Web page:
Coronary artery disease is usually caused by a build up cholesterol rich deposits or plaques on the lining inside the artery. These plaques are also called atheromatous plaques or simply atheromas and they cause a thickening of the arterial wall and a narrowing of the arterial space through which blood flows to reach the heart. The amount of blood reaching and supplying the heart muscles (myocardium) with oxygen and nutrients can therefore be reduced in the presence of atheromas.
An atheroma usually starts to develop as a result of damage or injury to the inner lining of the artery called the endothelium. Once the endothelium is damaged, cholesterol, fats, lipoproteins
and other debris start to accumulate at the site of injury in the wall or intima of the artery.
High concentrations of low density lipoprotein (LDL) penetrate the damaged endothelium and undergo a chemical process called oxidation. This altered LDL acts as a beacon that attracts white blood cells or leukocytes to migrate towards the vessel wall. As macrophages appear, they engulf the lipoproteins and become foam cells. These foam cells give rise to the earliest visible form of an atheromatous lesion called the fatty streak.
Once the fatty streak is formed, it then attracts the smooth muscle cells to the site, where they multiply and start to produce extracellular matrix comprising of collagen and proteoglycan. It is this extracellular matrix that forms a large portion of the atherosclerotic plaque. This turns the fatty streak into a fibrous plaque. The lesion then starts to bulge into the inner wall of the blood vessel causing a significant narrowing of the luminal space.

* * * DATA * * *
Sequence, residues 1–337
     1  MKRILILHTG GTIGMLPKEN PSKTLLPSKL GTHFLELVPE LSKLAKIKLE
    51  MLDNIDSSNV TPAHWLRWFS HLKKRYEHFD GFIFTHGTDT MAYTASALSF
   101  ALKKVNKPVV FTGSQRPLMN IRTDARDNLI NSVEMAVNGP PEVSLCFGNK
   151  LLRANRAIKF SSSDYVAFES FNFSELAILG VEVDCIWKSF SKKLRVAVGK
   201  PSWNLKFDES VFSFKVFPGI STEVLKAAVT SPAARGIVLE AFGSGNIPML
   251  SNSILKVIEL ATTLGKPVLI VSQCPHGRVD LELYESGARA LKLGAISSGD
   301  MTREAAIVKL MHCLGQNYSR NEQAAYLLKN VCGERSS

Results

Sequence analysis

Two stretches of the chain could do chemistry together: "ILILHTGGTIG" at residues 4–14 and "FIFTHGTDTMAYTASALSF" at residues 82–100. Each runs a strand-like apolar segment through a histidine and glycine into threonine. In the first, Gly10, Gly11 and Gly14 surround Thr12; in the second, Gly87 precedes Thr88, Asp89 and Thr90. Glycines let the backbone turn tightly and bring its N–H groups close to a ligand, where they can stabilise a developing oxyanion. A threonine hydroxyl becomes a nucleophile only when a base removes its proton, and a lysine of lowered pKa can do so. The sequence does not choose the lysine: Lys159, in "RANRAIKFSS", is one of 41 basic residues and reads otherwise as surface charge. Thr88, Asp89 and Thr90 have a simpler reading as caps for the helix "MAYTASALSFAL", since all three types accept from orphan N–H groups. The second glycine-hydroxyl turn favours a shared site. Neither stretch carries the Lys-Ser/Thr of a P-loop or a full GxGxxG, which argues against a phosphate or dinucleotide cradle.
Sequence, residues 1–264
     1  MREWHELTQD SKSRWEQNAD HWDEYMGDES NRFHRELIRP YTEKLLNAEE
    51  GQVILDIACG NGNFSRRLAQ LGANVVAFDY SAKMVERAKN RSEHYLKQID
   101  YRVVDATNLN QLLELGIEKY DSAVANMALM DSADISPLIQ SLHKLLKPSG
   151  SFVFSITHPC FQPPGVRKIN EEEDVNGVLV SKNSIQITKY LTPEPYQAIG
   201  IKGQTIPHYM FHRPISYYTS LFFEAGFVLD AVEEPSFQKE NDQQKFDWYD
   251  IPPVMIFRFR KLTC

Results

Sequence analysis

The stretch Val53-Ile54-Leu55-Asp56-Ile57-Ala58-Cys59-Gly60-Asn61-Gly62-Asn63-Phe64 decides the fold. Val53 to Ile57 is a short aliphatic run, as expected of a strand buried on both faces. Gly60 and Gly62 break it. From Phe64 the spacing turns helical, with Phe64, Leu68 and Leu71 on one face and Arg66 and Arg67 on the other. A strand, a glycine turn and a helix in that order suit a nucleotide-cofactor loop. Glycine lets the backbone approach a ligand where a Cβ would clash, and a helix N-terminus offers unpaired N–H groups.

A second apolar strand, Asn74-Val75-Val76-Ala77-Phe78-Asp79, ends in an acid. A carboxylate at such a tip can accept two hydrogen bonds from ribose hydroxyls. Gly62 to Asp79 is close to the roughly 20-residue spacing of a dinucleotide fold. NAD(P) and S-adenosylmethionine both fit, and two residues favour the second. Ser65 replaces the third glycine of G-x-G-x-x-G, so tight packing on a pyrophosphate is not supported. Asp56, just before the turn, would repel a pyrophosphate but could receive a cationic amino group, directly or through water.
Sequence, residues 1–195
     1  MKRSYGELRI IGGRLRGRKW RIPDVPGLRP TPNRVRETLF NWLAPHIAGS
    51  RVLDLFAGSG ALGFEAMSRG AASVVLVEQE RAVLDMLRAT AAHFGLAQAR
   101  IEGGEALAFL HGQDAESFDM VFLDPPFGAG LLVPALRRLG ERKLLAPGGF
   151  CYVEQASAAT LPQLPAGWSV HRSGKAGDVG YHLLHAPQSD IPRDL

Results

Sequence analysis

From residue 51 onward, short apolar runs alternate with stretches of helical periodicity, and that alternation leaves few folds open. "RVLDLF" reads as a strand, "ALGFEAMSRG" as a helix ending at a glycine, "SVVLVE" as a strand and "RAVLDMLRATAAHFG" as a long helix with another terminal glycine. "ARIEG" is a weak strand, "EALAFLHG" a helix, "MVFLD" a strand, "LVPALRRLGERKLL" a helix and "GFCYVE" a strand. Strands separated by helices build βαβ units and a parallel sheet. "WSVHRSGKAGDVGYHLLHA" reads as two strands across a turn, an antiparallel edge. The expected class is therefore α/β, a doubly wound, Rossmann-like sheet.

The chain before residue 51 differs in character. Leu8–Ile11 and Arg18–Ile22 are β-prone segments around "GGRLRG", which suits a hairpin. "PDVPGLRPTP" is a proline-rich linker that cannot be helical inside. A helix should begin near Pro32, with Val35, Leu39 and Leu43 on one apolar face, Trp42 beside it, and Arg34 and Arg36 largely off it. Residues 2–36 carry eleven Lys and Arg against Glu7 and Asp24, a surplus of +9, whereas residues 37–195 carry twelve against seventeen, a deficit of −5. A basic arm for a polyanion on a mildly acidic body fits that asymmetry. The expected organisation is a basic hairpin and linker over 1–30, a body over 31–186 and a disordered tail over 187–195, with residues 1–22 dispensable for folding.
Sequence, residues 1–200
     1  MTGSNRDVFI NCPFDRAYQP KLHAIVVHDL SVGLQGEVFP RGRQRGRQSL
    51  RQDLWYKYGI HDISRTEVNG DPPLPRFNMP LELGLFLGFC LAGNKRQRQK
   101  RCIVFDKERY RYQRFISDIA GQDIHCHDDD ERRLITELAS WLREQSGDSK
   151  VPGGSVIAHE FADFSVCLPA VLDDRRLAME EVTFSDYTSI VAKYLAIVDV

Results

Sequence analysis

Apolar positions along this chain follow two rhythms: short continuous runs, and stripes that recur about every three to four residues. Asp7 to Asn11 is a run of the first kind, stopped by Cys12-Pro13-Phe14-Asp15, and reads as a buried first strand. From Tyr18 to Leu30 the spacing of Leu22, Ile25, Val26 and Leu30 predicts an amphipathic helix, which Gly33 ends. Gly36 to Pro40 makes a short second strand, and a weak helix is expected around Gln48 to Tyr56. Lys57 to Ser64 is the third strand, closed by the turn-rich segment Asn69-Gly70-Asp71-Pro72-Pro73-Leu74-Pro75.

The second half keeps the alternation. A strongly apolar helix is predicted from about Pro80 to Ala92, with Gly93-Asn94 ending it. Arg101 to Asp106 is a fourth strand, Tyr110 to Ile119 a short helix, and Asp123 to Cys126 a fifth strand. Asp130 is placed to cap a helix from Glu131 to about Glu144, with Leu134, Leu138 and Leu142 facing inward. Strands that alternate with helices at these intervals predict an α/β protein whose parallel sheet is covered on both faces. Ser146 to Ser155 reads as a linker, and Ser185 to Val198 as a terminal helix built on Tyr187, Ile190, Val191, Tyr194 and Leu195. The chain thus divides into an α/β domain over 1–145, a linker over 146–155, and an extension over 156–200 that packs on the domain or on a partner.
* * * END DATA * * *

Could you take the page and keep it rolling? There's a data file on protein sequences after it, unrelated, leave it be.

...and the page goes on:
Next, the fibrous plaque starts to support itself. It develops its own small vessels to provide it with a supply of blood in a process called angiogenesis. Thereafter, the plaques begin to calcify as calcium starts to deposit. The final plaque is made up of a cap of fibrous tissue covering a core that is rich in lipids as well as necrotic or dead cells. The edge of this cap is key in acute coronary disease. This region is prone to rupture, which exposes the underlying core of lipids and necrotic material to thrombogenic factors in the blood. This can cause the aggregation of platelets that form a clot across the plaque and further narrow the artery.
Arteries that have become narrowed due to the presence of plaques may lead to angina or chest pain as the muscles of the heart are deprived of oxygen. As the deposits on the plaques grow in size and dimension, the blood vessels become further narrowed and there may be obstruction leading to a heart attack or a myocardial infarction.
Reviewed by Sally Robertson, BSc